, and William’s son Stephen Kurelek.

William Kurelek’s The Maze is dramatically told through his paintings and his on-camera revelations. The film takes an intimate look into the life of one of the 20th century’s most fascinating artists, his struggles with attempted suicide and a self professed “spiritual crisis.” Kurelek describes The Maze as “a painting of the inside of my skull which I painted while in England as a patient in Maudsley and Netherne psychiatric hospitals.”
William Kurelek’s The Maze is a timeless film about an artist, his creations, his inner demons and the external influences – both good and bad – that shaped his work.

General Public $15
For more information, go to The Maze.

Monday, October 15, 2012

Keeping margin in my life

A few posts ago I was considering starting an online Living Room., a blog that would try to do for people what real life Living Room meetings do for attendees. I've thought much about it, but today I can see I'm just too busy to take on another thing. Perhaps if I were younger and had more energy I could manage it. Is it common not to be able to handle as much when you get into your senior years? I'm really finding that I need lots of down times. Time to relax. Time without commitments.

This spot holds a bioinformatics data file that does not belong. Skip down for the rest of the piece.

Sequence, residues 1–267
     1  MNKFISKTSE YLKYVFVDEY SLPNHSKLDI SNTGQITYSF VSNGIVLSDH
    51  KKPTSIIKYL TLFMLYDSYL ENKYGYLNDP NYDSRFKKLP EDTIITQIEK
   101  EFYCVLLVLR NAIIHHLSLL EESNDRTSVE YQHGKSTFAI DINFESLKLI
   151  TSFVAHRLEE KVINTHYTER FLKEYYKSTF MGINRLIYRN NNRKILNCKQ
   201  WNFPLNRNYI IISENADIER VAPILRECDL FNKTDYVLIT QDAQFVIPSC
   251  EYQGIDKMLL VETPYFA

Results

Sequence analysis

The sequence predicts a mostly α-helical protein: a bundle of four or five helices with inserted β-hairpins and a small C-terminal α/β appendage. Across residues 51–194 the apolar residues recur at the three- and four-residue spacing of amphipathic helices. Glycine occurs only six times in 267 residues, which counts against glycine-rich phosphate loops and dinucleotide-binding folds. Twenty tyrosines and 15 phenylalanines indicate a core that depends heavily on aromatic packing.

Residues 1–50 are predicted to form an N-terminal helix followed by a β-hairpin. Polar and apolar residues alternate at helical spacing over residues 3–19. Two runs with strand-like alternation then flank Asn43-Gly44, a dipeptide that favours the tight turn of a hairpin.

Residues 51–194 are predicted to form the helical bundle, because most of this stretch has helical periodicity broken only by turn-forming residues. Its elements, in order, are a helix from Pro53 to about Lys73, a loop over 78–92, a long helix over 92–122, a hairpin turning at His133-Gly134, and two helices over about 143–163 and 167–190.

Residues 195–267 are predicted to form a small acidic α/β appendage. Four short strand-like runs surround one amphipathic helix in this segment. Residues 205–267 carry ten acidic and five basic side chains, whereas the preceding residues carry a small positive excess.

Quite a few years ago my pastor gave a sermon that included the importance of building margin into your life. We should never be so busy that we can't respond to a friend in need. We should never try to cram too many things into our schedule. Breathing space is important.

Now at sixty-six I find that all the more true. I just can't do as much as I used to.

There are people in my life who I need to make room for: my husband, my 98-year-old mother, my friends, people from Living Room needing extra attention. I also need to keep room in my life for writing and for photography. There is also endless work to be done trying to plant more Living Room groups. Uggh!! I could use an extra me!

With all this going, it would be down-right crazy of me to start another blog, wouldn't it? What was I thinking of?